Why we should find the courage to lean into vulnerability – and shame

Research shows that we – people, human beings – need to feel we have purpose in life, that life must have meaning for us in order to feel truly happy and satisfied. For psychologist Martin Seligman this is what he calls a meaningful life. A meaningful life is a deep sense of fulfilment reached by employing our unique strengths for a purpose greater than ourselves. Brené Brown calls this being wholehearted or living a wholehearted life. What’s clear for both of these researchers is that at the core of a meaningful or wholehearted life is connection whether directly to other people or in a way that goes beyond. For Seligman human connection exists on both a pleasurable, hedonistic and individual level as well as a level beyond ourselves. Likewise for Brown she talks about the importance of connection for well being but also the transcendence even of ourselves on a spiritual level – the belief that we are connected to one another by a force greater than ourselves – that is grounded in love and compassion.  For some this is God for others nature, art, even human soulfulness or simply love.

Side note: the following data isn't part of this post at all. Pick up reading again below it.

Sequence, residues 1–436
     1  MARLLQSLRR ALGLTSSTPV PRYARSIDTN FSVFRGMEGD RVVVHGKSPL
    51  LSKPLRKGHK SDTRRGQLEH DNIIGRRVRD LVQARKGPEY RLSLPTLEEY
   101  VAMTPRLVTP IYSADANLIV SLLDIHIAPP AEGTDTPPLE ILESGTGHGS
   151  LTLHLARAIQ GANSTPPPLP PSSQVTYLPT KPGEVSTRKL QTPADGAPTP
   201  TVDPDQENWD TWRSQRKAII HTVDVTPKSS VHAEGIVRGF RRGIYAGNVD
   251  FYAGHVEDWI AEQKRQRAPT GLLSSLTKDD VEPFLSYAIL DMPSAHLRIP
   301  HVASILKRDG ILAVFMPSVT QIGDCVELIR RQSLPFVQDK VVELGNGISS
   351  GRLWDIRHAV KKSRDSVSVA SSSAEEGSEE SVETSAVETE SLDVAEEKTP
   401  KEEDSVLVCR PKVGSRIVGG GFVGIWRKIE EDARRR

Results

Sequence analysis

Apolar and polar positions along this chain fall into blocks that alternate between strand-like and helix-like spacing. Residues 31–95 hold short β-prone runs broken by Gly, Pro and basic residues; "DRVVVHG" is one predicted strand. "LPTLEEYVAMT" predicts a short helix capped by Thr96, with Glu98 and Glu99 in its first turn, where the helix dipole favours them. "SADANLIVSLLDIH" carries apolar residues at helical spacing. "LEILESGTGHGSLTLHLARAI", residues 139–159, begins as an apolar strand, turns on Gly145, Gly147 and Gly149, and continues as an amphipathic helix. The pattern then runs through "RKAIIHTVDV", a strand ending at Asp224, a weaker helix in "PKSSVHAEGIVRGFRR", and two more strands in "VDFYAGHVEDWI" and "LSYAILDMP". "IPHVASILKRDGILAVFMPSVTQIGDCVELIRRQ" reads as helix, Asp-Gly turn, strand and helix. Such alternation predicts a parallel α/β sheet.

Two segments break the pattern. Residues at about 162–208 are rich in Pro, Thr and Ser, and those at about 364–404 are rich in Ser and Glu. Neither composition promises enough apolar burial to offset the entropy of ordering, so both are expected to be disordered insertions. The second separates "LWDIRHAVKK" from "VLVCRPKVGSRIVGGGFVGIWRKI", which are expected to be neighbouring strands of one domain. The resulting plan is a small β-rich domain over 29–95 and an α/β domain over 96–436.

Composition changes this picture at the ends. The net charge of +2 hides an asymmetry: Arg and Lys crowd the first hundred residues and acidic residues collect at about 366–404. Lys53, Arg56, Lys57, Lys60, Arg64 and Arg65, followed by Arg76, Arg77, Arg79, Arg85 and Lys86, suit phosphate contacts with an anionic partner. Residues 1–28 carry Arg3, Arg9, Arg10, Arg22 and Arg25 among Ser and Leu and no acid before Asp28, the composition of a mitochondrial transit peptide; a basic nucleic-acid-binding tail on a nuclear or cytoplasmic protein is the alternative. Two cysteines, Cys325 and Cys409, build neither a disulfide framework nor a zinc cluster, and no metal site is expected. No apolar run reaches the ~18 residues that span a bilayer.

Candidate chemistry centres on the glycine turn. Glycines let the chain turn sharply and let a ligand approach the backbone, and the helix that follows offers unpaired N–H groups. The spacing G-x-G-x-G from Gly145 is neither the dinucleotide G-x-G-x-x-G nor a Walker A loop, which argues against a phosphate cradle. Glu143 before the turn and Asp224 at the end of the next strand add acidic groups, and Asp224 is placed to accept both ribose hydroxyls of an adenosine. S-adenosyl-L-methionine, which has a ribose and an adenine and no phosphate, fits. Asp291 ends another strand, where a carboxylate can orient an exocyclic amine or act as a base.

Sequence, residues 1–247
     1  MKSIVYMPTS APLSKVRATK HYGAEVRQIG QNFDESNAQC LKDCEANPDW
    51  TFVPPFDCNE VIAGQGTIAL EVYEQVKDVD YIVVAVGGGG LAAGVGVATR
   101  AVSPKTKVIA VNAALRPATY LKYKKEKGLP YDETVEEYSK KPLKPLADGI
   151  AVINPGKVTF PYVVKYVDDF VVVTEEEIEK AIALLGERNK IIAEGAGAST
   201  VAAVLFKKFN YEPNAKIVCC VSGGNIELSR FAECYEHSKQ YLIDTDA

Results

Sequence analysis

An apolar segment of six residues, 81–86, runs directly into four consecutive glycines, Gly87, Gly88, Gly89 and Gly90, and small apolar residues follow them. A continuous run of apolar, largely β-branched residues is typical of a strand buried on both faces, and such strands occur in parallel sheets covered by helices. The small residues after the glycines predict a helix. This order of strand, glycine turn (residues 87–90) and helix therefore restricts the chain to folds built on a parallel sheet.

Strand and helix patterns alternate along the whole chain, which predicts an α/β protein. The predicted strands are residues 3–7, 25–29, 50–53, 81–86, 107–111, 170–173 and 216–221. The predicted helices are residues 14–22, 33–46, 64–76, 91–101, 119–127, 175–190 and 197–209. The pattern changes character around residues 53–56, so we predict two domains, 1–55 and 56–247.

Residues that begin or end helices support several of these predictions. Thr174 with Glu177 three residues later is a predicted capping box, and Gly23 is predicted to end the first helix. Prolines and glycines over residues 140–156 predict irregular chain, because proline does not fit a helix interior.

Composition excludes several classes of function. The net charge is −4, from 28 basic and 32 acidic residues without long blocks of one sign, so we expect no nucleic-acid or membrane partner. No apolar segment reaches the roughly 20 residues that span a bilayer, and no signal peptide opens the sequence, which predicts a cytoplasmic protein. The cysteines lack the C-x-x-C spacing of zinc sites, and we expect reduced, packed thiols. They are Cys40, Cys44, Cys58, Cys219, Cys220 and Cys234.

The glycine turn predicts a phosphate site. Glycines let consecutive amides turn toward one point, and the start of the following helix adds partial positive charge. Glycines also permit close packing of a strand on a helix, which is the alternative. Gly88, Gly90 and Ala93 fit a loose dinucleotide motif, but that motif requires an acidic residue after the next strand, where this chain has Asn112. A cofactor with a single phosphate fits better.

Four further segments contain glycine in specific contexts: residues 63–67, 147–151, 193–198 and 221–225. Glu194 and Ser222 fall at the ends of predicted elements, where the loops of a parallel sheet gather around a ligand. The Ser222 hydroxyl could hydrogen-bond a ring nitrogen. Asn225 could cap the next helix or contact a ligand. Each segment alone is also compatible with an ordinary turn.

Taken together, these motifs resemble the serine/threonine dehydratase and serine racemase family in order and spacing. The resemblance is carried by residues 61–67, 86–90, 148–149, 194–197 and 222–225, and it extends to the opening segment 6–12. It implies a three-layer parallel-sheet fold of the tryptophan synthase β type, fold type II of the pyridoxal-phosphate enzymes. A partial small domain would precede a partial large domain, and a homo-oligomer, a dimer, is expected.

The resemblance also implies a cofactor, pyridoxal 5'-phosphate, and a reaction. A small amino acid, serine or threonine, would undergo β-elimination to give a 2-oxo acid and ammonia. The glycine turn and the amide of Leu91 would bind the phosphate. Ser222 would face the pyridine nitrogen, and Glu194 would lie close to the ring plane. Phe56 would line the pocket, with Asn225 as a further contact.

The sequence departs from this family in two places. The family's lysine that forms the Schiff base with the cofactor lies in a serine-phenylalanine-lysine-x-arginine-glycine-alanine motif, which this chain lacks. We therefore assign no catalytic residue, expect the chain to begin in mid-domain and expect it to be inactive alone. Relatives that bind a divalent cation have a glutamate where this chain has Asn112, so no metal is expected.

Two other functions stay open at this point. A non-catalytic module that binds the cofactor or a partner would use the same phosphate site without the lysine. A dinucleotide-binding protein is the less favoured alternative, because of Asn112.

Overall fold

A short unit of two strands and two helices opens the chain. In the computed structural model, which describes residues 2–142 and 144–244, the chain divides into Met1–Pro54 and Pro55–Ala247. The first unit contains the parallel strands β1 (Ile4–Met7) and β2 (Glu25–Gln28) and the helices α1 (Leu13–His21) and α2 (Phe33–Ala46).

We all need and crave human connection – it’s part of our hardwired survival mechanism – and disconnection from other people causes us emotional, psychological and physical pain. The worrying thing is that we are getting worse at human connection. In the UK certainly our focus is on the individual rather than the collective. We talk about success as an individual pursuit, whether it’s success at school or at work the focus is on the individual. We pursue financial independence and we aspire to individual financial wealth as opposed to spiritual wealth which is a form of connection that goes beyond the individual. Even in our emotional lives we’re encouraged to deal with things alone, to be stoic, to put on a brave face, to be grown up. And if we do share how we feel we’re seen as emotional, as over sharing, ‘OMG TMI!’

We medicate people for feeling down, for grieving the death of a loved one (an entirely necessary process) or for depression that’s caused by problems in our environment (i.e. situations we are able to influence or change) rather than simply holding space for people while they overcome life’s challenges through the support of and connection with family, friends, colleagues, our communities and society.

What it Really Means to Hold Space for Someone